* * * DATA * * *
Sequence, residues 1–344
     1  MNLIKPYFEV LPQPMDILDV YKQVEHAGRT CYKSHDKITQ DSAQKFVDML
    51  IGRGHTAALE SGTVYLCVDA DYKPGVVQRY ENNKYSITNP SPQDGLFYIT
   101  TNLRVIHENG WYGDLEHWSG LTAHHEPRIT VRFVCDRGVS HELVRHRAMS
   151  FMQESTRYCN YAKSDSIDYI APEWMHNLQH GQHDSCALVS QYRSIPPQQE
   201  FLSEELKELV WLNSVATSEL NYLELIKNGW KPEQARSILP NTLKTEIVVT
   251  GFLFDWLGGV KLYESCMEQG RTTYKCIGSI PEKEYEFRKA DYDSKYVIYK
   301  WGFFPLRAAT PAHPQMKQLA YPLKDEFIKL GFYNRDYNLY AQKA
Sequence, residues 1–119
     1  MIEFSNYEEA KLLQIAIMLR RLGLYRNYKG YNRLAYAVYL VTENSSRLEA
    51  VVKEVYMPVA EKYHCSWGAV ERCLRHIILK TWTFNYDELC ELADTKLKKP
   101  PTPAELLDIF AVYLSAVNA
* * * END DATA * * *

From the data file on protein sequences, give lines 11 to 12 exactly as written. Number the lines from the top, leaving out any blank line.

    51  VVKEVYMPVA EKYHCSWGAV ERCLRHIILK TWTFNYDELC ELADTKLKKP
   101  PTPAELLDIF AVYLSAVNA